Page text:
Cancel OK

Positive preaching powerlessness


“Meat is murder,” said British rock star Morrissey, a man not known for his subtlety.

Although few people would agree with this statement in any simplistic sense, meat consumption is being slighted in more and more circles.

On April 26, Epicurious, a popular recipe website, announced that it would not be posting any more beef recipes.

“We’ve cut out beef. Beef won’t appear in new Epicurious recipes, articles, or newsletters. It will not show up on our homepage. It will be absent from our Instagram feed,” the site announced.

“We know that some people might assume that this decision signals some sort of vendetta against cows—or the people who eat them,” the Epicurious authors write. “But this decision was not made because we hate hamburgers (we don’t!). Instead, our shift is solely about sustainability, about not giving airtime to one of the world’s worst climate offenders. We think of this decision as not anti-beef but rather pro-planet.”

Whatever the motivation, opposition to meat is growing.

“The tone in 2021 has changed from negative banter to an all-out assault on animal agriculture,” writes Amanda Radke in Beef Daily.

Even the Biden administration has had to clarify that its new climate plan is not intended to reduce meat consumption.

Colorado governor Jared Polis has not left his position ambiguous, having proclaimed March 20 as “Meat Out Day” in his state.

I’m not here to discuss the pluses and minuses of meat consumption. (Personally, the other day I snagged some Prime New York strip steaks at Costco for $12.99 a pound.) I’m asking, what influence have all of these antimeat tirades had?

Not much. The average American consumes about 274 pounds of meat a year, not counting fish or shellfish, according to one source. This is more than any other nation except Hong Kong. We even beat out the beef-loving Argentinians.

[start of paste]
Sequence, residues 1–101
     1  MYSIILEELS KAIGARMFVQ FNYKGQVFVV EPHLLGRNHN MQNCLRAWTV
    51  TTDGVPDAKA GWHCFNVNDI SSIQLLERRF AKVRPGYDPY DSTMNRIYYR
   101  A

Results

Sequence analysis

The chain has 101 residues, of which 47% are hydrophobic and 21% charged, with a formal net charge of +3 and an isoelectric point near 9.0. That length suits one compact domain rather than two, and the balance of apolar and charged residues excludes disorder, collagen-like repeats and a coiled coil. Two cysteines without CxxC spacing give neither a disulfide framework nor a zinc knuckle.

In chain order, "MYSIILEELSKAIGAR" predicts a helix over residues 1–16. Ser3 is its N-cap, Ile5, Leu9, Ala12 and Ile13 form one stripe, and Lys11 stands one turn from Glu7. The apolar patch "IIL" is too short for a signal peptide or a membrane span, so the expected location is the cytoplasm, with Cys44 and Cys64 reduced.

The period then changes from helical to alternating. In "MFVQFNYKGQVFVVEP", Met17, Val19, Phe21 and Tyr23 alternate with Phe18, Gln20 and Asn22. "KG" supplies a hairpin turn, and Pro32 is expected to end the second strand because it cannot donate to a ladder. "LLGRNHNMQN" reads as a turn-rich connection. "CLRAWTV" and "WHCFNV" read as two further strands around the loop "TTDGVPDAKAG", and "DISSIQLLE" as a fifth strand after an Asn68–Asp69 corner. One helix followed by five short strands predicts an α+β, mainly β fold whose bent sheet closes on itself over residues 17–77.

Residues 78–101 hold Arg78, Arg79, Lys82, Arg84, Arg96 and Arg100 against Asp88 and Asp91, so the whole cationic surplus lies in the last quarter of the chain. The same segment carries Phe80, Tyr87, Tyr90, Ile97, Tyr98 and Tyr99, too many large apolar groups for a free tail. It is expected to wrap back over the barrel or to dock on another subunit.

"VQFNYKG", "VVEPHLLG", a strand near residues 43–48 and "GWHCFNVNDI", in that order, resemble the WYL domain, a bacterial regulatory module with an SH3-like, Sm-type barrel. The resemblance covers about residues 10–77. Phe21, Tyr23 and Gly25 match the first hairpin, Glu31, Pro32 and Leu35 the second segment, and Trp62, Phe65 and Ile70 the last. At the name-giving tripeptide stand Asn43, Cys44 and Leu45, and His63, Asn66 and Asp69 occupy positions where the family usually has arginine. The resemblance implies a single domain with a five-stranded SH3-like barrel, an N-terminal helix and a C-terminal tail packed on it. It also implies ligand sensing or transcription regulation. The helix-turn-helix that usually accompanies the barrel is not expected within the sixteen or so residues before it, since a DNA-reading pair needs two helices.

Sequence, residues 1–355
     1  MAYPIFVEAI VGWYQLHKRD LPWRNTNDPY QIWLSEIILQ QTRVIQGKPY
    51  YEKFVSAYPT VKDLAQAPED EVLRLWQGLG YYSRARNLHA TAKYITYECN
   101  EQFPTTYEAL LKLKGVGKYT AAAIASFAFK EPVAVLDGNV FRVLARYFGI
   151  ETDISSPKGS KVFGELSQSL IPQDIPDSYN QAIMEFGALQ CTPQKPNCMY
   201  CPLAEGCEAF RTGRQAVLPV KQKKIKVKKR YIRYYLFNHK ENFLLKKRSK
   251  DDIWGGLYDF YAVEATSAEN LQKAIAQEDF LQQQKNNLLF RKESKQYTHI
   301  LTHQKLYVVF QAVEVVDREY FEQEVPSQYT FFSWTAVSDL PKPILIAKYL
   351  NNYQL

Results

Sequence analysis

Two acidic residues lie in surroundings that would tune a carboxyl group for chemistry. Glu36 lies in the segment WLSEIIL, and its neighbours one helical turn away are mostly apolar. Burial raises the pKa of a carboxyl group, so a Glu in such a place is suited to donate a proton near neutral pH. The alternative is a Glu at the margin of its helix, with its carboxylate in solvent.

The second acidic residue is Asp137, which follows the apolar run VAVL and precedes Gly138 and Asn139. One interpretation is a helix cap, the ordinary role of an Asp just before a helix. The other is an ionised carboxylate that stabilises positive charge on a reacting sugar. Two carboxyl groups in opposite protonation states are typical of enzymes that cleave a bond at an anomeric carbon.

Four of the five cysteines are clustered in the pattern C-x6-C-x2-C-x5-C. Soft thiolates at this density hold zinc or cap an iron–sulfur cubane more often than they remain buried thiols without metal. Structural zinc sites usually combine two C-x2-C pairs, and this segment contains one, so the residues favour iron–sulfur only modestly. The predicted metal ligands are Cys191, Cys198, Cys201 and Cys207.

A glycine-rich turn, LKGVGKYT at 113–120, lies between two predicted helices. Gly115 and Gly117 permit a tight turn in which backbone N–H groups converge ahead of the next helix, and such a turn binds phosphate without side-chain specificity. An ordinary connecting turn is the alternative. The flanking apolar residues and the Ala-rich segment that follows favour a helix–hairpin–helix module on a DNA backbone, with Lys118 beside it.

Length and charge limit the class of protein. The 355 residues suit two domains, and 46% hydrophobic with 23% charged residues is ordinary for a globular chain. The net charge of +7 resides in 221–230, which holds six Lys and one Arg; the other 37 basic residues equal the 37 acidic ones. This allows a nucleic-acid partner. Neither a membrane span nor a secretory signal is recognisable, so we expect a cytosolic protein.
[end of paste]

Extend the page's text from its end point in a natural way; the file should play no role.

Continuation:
Current projections indicate that U.S. meat consumption will grow at about 1 percent per year through 2023. This doesn’t sound like much, but it would mean that each American is going to be eating 2.7 pounds more meat per year in the foreseeable future.

For the fruit and vegetable industry, precisely the opposite is the case.

All the authorities are on the side of produce—environmental activists, dietitians, public health experts—and what has been the result? The Centers for Disease Control tells us, “A decrease was observed in the percentage of adults consuming any fruit on a given day between 1999–2000 through 2017–2018, but there was no change in the percentage of adults consuming any vegetables over the same time period.”

A “State of the Plate” report, released in March by the Produce for Better Health Foundation (PBH), reflected these findings.

I would not go so far as PBH CEO Wendy Reinhardt Kapsak, who says, “We are in the midst of a fruit and vegetable consumption crisis in our country.”

It would seem more accurate to say that fruit and vegetable consumption has been flat for the first twenty years of this century.

My point is simple: preaching doesn’t work. All the earnest exhortations—whether they take the form of vegan diatribes or well-researched dietary guidelines issued by USDA—haven’t turned consumers away from meat or toward produce.

I’m not offering any solutions here, nor do I have any. But the first step to finding a solution is to realize that the current solutions haven’t been working.


Richard Smoley, contributing editor for Blue Book Services, Inc., has more than 40 years of experience in magazine writing and editing, and is the former managing editor of California Farmer magazine. A graduate of Harvard and Oxford universities, he has published 11 books.